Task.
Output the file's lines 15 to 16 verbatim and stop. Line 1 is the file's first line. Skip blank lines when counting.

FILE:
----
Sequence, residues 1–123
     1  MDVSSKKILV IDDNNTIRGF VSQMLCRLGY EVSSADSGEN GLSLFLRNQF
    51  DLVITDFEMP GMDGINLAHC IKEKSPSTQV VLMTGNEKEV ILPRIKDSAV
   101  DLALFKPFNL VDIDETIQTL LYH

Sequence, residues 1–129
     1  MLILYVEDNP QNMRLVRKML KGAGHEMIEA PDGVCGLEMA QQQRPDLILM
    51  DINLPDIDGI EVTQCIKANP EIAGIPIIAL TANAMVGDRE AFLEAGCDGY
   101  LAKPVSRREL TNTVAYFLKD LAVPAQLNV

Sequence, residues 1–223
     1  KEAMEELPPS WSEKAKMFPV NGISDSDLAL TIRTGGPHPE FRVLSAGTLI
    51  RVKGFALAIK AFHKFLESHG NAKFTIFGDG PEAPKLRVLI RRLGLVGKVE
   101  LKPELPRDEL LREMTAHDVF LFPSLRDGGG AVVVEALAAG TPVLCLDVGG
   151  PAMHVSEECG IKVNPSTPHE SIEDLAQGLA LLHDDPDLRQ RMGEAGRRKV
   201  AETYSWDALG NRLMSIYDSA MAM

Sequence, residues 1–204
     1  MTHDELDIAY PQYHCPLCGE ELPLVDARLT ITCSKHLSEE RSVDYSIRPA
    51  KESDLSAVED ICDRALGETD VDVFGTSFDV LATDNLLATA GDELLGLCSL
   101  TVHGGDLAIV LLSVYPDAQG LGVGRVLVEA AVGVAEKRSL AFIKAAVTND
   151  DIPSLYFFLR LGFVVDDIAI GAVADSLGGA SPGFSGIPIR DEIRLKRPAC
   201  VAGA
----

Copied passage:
Sequence, residues 1–204
     1  MTHDELDIAY PQYHCPLCGE ELPLVDARLT ITCSKHLSEE RSVDYSIRPA